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Health hazard evaluation report: HETA-2001-0326-2999, Dixie Cultured Marble, Birmingham, Alabama.
McCleery RE; Warren A; Tubbs RL
Cincinnati, OH: U.S. Department of Health and Human Services, Public Health Service, Centers for Disease Control and Prevention, National Institute for Occupational Safety and Health, HETA 2001-0326-2999, 2006 May; :1-26
In May 2001, NIOSH received a confidential employee request for a Health Hazard Evaluation at Dixie Cultured Marble (DCM) in Birmingham, Alabama. Employees were concerned with exposures to PVC glue, fiberglass, acetone, organic peroxide, and unsaturated polyester resins in the production of cultured marble vanities, bath tubs, and shower walls and floors. Employees reported symptoms that included itchy skin, breathing problems, and headaches. In response to employee concerns, NIOSH investigators conducted an initial site visit on December 9-10, 2004 and a follow-up site visit on June 21-22, 2005. During the initial site visit, NIOSH investigators collected general area (GA) and personal breathing zone (PBZ) air samples for volatile organic compounds, collected tape samples from consenting employees' arms and a bulk sample of cultured marble dust to be analyzed for fiberglass and identified areas within the facility where they perceived elevated noise levels. They also interviewed DCM employees to gather information on demographics, health problems (work-related and non-work related), work practices, and workplace personal hygiene. During the follow-up site visit, PBZ air samples were collected for total and respirable particulate, styrene, alpha-methyl styrene, and methyl methacrylate. Noise dosimeters were placed on selected workers. Respirable particulate, alpha-methyl styrene, and methyl methacrylate air sample concentrations were all below relevant evaluation criteria. The product grinder's total particulate exposure exceeded the Occupational Safety and Health Administration (OSHA) and American Conference of Governmental Industrial Hygienists (ACGIH), 8-hr time-weighted average (TWA) exposure limits. Styrene concentrations for two employees casting cultured marble exceeded the ACGIH 8-hr TWA of 20 parts per million (ppm). Noise monitoring data indicated that the daily noise doses of the product grinder and a product buffer exceeded the OSHA permissible exposure limit, and 10 of 11 evaluated employees exceeded the NIOSH-recommended daily allowable noise dose. Twelve of 15 employees were interviewed. Four of 12 employees reported respiratory problems and skin irritation. Based on personal air sampling, noise monitoring, and employee interviews, NIOSH investigators conclude that a health hazard exists from exposure to total particulate, styrene, and noise. Recommendations to minimize exposures include improving existing ventilation systems, creating respiratory and hearing loss prevention programs, using improved hearing protection devices, and ensuring consistent use of respiratory protection.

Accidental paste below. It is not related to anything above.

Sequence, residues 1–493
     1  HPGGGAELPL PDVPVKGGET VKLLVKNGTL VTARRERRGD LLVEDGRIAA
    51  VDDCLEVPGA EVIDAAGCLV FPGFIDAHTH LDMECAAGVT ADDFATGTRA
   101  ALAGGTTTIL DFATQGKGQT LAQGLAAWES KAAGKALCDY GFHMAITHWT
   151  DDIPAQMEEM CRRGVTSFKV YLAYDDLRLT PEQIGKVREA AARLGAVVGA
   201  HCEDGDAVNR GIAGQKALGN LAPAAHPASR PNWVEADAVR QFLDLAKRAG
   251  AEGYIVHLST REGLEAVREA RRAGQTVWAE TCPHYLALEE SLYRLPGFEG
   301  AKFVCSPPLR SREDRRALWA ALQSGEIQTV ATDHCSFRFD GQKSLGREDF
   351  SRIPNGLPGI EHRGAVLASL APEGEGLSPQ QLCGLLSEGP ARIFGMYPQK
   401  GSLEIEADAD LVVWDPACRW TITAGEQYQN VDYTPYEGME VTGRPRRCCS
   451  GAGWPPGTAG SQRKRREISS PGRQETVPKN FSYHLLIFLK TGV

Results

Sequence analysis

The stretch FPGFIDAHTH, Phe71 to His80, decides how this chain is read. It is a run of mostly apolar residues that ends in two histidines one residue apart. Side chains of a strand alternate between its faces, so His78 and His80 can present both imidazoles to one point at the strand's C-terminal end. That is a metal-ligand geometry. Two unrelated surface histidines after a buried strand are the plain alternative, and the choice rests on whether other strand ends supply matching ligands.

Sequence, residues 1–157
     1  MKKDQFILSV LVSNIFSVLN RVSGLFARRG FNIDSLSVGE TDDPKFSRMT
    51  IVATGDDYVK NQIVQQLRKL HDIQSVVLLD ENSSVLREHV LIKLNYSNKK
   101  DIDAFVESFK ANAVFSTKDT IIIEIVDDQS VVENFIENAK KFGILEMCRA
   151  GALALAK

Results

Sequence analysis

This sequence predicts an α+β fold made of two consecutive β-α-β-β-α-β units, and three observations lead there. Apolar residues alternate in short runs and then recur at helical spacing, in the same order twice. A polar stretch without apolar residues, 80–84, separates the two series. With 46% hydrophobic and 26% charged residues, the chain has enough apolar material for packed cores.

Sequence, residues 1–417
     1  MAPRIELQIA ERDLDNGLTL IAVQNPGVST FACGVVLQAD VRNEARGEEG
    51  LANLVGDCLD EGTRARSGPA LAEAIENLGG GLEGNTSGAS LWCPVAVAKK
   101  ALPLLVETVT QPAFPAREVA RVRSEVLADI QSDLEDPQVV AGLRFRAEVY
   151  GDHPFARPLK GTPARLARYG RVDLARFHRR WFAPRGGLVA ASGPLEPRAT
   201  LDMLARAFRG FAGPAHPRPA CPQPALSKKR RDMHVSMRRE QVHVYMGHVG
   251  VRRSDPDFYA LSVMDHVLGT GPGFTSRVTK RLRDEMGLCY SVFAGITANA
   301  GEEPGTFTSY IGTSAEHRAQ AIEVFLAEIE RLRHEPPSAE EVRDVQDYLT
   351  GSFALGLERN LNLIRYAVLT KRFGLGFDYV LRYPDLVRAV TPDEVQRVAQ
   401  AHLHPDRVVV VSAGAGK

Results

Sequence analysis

Region-4; Hazard-Confirmed; Adhesives; Acetones; Resins; Skin-irritants; Respiratory-system-disorders; Pulmonary-system-disorders; Volatiles; Organic-compounds; Fibrous-glass; Fibrous-dusts; Noise; Particulates; Particulate-dust; Respirable-dust; Engineering-controls; Control-technology; Ventilation; Ventilation-systems; Respiratory-protective-equipment; Respirators; Personal-protective-equipment; Protective-equipment; Hearing-protection; Author Keywords: Plastics Plumbing Fixture Manufacturing; cultured marble; bath tubs; vanities; PVC glue; fiberglass; total particulate; respirable particulate; styrene; á-methyl styrene; methyl methacrylate; organic peroxide; unsaturated polyester resin; noise; itchy skin; respiratory problems; headaches; respiratory protection; hearing protection; ventilation
Field Studies; Hazard Evaluation and Technical Assistance
NTIS Accession No.
National Institute for Occupational Safety and Health
Page last reviewed: September 2, 2020
Content source: National Institute for Occupational Safety and Health Education and Information Division